Here's an important fact for every investor to realize: You're not a bad person if your portfolio goes down. I'm serious. People feel awful when their net worth, like a broken clock, ticks backwards.
The key to financial success in these choppy markets is in how you react during periods of volatility, not whether you are a genius in bull markets or if you top-tick your shorts and make money in bear markets. Let's take a look at the professional investors for some perspective.
At Stockpickr, we keep track of the top positions of the best pros, but in particular I want to look at how the stock holdings of my favorite investors held up since the recent market top on July 19.
First, we'll take a look at
. (Tomorrow I will take a look at George Soros.)
On the whole, Buffett's stocks did horribly, but it's how they are positioned going forward that's key. Of Buffett's top 30 positions, 27 of them have gone down since July 19. On average, the 30 positions were down 7% each (note, this assumes equal weighting).
The three positions that were up include
(up 13% during this period),
(up 2%) and
Procter & Gamble
Iron Mountain is a new position for Buffett and, I believe, one of the most interesting he's ever chosen. With a
price-to-earnings ratio, or P/E, of 48 and a forward P/E of 32 and $3 billion in debt, Iron Mountain is clearly not a value position. It underlines the point I consistently make that Buffett is a demographic investor and not a value investor. He bets on broad trends -- in this case, an increased need for document management, storage and record-keeping in an ever-more-complicated regulatory environment.
I also like P&G on the Buffett list, particularly with its recently announced $30 billion stock-buyback program on top of a 19% year-over-year earnings increase, demolishing analyst estimates and successfully integrating its acquisition of Gillette.
Some of the positions that haven't weathered the recent downturn so well -- but that I think are now cheaper buys as a result -- include the railroad
( BNI) (down 14%), which Buffett just averaged down on, drugmaker
Johnson & Johnson
(down only 2%) and oil company
The good news on Burlington Northern is that Buffett has been steadily adding to his position. Last week, he revealed in new filings with the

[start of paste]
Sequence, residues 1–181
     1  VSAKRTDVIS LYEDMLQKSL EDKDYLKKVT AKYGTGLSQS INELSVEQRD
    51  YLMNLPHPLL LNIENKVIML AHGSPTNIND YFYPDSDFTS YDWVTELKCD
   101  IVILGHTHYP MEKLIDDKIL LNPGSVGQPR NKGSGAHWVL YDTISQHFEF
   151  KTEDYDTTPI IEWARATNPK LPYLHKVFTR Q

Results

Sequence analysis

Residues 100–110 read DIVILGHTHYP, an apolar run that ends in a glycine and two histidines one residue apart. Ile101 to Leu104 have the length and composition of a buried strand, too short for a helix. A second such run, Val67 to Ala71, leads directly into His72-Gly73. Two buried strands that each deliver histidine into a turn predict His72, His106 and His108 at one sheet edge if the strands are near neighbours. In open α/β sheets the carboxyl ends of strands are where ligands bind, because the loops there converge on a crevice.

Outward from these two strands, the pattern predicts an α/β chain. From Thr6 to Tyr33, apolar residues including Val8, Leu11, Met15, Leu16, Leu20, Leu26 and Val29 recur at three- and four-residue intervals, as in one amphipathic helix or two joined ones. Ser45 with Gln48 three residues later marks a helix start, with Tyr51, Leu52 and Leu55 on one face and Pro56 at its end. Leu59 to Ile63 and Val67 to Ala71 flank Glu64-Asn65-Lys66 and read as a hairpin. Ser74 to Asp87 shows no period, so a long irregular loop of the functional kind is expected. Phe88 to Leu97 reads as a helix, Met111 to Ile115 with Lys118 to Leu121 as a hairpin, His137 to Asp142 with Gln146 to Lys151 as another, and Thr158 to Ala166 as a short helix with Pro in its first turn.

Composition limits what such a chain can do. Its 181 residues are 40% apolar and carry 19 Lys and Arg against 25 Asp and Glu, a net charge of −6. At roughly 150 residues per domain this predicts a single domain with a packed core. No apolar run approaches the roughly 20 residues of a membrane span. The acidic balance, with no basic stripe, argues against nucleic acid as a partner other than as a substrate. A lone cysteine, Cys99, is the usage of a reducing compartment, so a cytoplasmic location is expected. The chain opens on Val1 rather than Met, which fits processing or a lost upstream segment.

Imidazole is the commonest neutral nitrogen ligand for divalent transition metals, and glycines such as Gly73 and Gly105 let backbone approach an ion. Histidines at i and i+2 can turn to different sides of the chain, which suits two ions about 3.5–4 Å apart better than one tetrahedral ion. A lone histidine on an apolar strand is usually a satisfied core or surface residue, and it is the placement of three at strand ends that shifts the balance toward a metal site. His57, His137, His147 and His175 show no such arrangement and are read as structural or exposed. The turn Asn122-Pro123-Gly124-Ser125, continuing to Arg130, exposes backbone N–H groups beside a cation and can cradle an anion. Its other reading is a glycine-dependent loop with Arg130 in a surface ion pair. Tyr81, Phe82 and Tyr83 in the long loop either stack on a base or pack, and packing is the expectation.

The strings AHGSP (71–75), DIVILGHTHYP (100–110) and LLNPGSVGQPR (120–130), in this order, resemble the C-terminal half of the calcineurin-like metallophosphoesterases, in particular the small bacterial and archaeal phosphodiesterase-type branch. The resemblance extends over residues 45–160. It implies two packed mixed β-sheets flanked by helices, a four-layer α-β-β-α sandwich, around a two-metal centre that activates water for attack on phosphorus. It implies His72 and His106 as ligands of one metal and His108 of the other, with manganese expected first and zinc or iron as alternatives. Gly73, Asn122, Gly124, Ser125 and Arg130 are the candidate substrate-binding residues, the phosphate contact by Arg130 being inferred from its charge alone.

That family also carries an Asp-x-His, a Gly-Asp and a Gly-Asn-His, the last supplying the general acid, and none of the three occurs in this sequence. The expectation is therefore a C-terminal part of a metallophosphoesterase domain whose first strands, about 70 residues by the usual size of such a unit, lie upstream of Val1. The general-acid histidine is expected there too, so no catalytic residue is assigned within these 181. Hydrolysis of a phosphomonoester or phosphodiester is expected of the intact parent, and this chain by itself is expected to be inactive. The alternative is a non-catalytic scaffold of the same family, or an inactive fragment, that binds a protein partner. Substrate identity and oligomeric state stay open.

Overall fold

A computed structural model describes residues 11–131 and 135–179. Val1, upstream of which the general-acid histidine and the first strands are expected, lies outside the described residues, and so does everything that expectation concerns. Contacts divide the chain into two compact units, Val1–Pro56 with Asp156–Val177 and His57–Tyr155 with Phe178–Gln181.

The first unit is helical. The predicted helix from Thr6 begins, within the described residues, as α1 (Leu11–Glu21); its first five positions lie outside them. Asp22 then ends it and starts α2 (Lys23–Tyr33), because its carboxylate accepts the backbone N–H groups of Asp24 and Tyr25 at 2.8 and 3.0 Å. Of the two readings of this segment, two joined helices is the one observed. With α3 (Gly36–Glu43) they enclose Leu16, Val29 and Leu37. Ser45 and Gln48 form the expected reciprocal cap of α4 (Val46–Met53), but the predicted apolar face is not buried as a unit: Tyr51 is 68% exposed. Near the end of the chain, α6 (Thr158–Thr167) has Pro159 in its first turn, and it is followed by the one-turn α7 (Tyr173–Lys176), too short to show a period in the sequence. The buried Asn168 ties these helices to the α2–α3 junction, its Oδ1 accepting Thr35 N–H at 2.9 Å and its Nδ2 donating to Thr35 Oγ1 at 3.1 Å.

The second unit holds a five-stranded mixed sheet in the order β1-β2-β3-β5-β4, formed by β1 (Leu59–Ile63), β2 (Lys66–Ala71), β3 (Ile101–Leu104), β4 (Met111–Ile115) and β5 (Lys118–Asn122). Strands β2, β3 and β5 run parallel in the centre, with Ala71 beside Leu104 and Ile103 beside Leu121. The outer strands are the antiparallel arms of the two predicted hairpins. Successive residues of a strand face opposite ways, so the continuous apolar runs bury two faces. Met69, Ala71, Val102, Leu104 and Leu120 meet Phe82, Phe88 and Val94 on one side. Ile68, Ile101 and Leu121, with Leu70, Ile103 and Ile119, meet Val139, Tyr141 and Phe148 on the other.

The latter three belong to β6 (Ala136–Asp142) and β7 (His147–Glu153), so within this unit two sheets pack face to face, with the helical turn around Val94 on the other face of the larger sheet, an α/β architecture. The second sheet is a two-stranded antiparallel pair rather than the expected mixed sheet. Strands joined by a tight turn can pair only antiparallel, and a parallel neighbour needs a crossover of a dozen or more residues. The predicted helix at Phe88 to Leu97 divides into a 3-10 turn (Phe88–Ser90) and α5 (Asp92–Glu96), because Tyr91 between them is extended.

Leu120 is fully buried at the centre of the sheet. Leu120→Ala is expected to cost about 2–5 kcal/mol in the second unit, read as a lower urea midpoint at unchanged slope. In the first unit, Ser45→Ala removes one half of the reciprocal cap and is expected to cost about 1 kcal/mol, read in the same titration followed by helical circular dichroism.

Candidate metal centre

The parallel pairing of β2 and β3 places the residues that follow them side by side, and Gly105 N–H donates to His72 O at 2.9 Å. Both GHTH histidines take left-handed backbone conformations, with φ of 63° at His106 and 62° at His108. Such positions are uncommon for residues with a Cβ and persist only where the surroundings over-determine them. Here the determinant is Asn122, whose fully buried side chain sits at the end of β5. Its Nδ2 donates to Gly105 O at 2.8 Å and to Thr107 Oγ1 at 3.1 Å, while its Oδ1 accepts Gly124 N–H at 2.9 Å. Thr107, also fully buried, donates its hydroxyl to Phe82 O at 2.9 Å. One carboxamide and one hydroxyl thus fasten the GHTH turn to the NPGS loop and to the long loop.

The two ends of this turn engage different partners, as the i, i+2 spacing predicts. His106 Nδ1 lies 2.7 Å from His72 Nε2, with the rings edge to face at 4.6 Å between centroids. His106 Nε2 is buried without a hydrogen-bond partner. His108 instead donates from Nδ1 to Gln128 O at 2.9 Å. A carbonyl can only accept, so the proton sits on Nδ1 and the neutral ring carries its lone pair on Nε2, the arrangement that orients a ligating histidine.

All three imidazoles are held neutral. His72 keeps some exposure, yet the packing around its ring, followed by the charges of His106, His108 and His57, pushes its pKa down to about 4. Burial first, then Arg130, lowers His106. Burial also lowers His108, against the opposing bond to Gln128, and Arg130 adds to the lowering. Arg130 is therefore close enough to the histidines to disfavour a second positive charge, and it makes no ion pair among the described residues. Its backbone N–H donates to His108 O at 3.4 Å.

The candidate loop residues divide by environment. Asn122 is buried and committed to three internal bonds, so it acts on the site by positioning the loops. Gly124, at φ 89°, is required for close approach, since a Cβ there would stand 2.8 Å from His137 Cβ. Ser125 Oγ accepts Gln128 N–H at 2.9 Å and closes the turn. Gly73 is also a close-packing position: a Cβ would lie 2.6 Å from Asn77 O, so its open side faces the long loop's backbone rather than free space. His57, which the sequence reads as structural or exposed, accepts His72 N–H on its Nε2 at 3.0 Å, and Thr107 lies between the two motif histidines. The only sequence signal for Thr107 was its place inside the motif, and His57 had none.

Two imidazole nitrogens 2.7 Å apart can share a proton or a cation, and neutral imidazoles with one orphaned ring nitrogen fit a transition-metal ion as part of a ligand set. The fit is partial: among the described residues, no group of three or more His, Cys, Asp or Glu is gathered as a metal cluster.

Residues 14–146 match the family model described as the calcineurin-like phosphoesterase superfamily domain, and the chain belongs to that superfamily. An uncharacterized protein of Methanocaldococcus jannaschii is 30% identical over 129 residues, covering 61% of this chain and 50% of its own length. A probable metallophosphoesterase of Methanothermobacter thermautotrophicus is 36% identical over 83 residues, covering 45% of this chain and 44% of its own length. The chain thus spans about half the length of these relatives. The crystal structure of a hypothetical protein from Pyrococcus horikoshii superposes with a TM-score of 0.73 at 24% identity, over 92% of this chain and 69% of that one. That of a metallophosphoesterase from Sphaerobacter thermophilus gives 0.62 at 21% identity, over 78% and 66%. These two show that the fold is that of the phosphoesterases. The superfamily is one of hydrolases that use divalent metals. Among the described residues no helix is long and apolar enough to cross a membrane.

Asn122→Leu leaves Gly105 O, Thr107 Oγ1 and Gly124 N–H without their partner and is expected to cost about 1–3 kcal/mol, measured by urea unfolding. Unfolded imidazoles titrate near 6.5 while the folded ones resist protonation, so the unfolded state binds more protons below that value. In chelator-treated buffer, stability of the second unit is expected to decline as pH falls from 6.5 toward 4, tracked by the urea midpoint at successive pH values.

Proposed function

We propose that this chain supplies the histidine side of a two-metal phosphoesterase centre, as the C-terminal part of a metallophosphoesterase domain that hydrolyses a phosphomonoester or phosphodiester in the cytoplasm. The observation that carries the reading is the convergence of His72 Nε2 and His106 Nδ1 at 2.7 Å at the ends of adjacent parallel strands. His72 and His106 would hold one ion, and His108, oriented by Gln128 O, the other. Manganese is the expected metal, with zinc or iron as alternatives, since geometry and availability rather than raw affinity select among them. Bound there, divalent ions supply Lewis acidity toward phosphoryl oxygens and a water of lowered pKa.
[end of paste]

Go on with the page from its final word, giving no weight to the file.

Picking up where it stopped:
Securities and Exchange Commission
that he had purchased 1.6 million shares of Burlington Northern. Buffett now owns 11.1% of the railroad company, suggesting that Burlington Northern is a buy.
Buffett also doubled his position in Johnson & Johnson early this year, now holding 48 million shares, making it his fifth largest position. J&J, trading at a forward P/E of 14 and offering a 2.7%
dividend yield, is a broad play on the demographics of the 70 million retiring baby boomers who will have increased health-care needs in coming years. Any dip in J&J is a buying opportunity, so why should we let Warren Buffett have all the fun?
To see his other holdings, check out the
portfolio on Stockpickr. Also, for another interesting view of Buffett's holdings, check out the
At the time of publication, Altucher and/or his fund had no positions in stocks mentioned, although positions may change at any time.
James Altucher is president of Stockpickr LLC, a wholly owned subsidiary of TheStreet.com and part of its network of Web properties, and a managing partner at Formula Capital, an alternative asset management firm that runs a fund of hedge funds. He is also a weekly columnist for
The Financial Times
and the author of
Trade Like a Hedge Fund
Trade Like Warren Buffett
. Under no circumstances does the information in this column represent a recommendation to buy or sell stocks. Altucher appreciates your feedback;
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